Football rises from the dead
Last Saturday was a very special day for Gaelic football. A day like it was long overdue. Because the defeats of Kerry and Tyrone brought to an end the second longest period of collective dominance in the history of the game.
Since 2003, the two counties have won all seven All-Ireland titles, a feat only surpassed by Kerry and Dublin who divided eight between them (1974-1981) and equalled by Kerry and Kildare (1926-1932). Kerry's epic victory over Cork in the Munster semi-final and Tyrone's untroubled cruise through Ulster suggested that the big two had the championship sewn up between them once more.
That wasn't good news for anyone outside Kerry and Tyrone. Because the football championship, whose democracy is its great strength, had become an oligarchy. Things were getting predictable. Things, to be honest, were getting boring.
But 140 minutes of football eight days ago changed all that. We will now have champions other than Kerry and Tyrone for the first time since 2002, a final without either of them for the first time since 2001 and semi-finals without Kerry for the first time since 1999. And Kildare's thrashing of Meath means we will have a last four without Kerry, Tyrone or the Royal County. You have to go back to 1994 for the last time that happened. The shift had been seismic. The footballing landscape has been completely redrawn. It's great, isn't it?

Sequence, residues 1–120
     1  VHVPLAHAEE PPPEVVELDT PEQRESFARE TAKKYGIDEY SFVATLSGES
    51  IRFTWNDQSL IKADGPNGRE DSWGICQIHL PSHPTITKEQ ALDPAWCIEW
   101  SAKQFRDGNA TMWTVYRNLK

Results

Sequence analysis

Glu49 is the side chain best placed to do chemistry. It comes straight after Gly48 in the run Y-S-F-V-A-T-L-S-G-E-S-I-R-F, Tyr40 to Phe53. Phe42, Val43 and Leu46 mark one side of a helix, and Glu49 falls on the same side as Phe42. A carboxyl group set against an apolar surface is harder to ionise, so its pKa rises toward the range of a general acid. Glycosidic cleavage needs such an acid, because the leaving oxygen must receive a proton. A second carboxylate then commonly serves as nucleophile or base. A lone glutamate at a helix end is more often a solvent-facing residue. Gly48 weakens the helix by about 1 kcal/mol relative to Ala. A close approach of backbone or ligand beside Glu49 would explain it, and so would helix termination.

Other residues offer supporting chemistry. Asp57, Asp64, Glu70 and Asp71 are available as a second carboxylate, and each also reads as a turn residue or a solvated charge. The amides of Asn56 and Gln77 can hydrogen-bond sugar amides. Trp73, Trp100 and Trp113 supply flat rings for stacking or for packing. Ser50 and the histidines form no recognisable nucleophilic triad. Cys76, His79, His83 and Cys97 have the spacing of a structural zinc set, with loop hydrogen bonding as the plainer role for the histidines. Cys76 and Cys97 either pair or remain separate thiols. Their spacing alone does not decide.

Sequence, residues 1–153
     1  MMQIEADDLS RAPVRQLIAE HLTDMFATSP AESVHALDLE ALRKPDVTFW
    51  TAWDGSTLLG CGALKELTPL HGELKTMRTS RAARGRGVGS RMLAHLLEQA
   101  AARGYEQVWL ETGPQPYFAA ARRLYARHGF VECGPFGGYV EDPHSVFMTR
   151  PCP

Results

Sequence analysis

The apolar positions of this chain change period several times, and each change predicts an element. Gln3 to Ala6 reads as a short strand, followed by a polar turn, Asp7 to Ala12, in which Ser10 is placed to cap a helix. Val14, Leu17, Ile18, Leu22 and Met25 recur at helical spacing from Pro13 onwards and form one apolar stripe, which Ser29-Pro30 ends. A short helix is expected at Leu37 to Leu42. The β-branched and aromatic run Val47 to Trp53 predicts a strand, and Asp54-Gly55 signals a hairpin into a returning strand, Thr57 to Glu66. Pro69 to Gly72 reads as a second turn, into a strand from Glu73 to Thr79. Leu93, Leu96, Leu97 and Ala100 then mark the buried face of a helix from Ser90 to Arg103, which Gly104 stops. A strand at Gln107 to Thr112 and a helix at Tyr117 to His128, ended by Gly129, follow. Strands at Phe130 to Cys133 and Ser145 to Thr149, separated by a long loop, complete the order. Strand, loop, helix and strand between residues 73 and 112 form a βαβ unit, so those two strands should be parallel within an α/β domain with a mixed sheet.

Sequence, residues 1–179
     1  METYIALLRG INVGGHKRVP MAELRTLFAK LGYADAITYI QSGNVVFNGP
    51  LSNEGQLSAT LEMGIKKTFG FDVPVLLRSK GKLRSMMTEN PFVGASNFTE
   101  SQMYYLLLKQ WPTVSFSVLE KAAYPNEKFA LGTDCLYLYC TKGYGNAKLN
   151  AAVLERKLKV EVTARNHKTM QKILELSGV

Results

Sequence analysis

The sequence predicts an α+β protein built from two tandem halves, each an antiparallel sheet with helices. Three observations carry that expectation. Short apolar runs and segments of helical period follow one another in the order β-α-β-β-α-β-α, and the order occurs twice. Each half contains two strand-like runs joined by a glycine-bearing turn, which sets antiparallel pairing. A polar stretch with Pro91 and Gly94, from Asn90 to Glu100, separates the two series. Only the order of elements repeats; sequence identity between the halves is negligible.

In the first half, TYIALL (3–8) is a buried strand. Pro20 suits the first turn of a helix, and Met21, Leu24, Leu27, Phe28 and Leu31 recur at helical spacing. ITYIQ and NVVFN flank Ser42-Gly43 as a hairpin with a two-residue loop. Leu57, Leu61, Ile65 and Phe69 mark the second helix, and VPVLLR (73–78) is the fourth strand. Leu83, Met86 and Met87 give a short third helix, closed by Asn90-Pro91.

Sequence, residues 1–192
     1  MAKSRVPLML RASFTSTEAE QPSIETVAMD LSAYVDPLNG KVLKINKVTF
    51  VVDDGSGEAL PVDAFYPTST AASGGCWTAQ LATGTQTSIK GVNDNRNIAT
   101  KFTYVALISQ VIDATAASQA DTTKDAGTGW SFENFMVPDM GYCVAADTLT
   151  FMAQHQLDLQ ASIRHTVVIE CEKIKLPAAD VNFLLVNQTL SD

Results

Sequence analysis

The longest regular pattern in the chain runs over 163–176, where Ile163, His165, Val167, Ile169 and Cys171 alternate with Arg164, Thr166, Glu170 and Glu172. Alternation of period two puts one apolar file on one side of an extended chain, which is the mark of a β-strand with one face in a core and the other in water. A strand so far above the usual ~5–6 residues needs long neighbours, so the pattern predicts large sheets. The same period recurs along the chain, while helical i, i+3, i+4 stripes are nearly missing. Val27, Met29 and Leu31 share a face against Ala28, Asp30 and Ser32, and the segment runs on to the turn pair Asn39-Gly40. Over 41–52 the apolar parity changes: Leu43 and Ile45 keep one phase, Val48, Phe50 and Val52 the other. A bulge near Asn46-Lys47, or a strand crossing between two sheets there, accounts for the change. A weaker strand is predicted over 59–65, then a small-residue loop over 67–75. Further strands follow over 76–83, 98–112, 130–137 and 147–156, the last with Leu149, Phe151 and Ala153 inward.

Because the last thing the GAA needs is the kind of cartel operated by the two undeniably great teams who have towered over all opposition for so long. The last time neither Kerry nor Tyrone won the All-Ireland, the euro had just been introduced, Roy Keane had walked out on Ireland in Saipan, John Kerry was running against George Bush in the American presidential election and Rio Ferdinand had just left Leeds United for Old Trafford. It seems a long time ago.
Hopefully these victories might herald the beginning of a new dispensation, an era like the one which began in 1991 and ended in 2003 and was, in retrospect, something of a golden age. In those 13 years, Donegal, Derry, Armagh and Tyrone won their first ever All-Irelands and three completely unfancied teams, Down (1991), Meath (1996) and Galway (1998), came out of nowhere to lift the Sam Maguire. There was a first final win for Dublin in 12 years and, unthinkable though this seems now, for Kerry in 11. It was a time when the championship seemed a thing of infinite and enthralling possibility.
And that's the kind of championship we've got this year. Down have certainly come from nowhere; it's only a few weeks since they were scraping past Offaly in the qualifiers having looked decidedly inferior to Tyrone when defeated by them in the Ulster semi-final.
Kildare suffered perhaps their most humiliating defeat in recent times when Louth destroyed them first time out. And Dublin looked to have their worst team in years when stumbling past Wexford before getting hockeyed by Meath.
Even Cork were being written off as perennial also-rans, somewhat unfairly, on the evidence of their two games against Kerry. Should the Lilywhites come through, it will be their first All-Ireland football title since 1928. It's 20 years since Cork have won one, 16 since Down's last victory, 15 since Dublin's. Whoever eventually prevails will have completed a remarkable journey.
Kildare and Dublin, after all, are the footballing equivalents of the undead, rising mischievously out of the grave after we'd gone to the trouble of composing their obsequies. Their determination to keep plugging away amid the ridicule and derision flung their way is an object lesson to the likes of Galway and Mayo, whose eagerness to throw in the towel after one defeat looks pretty unforgivable now.